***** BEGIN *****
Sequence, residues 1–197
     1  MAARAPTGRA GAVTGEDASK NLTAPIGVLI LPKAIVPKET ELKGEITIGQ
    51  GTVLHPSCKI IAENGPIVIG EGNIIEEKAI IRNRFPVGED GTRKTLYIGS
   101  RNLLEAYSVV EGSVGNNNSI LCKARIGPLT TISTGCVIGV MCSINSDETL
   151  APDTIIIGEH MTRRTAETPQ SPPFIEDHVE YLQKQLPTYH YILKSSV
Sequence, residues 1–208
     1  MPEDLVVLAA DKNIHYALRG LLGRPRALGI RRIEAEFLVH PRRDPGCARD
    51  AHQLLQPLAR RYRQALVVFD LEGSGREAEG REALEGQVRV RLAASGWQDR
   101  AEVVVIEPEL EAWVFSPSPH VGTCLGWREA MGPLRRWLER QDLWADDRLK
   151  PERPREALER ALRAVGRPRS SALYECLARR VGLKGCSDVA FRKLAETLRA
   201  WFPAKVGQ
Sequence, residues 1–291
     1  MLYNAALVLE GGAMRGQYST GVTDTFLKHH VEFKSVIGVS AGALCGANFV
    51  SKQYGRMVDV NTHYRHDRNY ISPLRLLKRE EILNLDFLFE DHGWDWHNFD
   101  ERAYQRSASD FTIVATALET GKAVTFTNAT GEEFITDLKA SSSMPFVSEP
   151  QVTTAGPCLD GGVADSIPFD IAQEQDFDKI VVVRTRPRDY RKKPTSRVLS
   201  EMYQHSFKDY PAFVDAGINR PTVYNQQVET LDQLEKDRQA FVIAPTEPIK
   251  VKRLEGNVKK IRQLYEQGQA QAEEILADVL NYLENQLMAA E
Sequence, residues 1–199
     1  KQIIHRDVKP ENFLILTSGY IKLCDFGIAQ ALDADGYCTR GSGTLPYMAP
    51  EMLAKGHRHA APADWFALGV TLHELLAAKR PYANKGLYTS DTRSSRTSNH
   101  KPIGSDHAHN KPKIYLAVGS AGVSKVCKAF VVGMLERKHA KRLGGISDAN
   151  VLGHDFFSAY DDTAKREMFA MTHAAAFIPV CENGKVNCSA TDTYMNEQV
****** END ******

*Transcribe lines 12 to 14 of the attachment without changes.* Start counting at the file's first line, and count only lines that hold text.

Sequence, residues 1–291
     1  MLYNAALVLE GGAMRGQYST GVTDTFLKHH VEFKSVIGVS AGALCGANFV
    51  SKQYGRMVDV NTHYRHDRNY ISPLRLLKRE EILNLDFLFE DHGWDWHNFD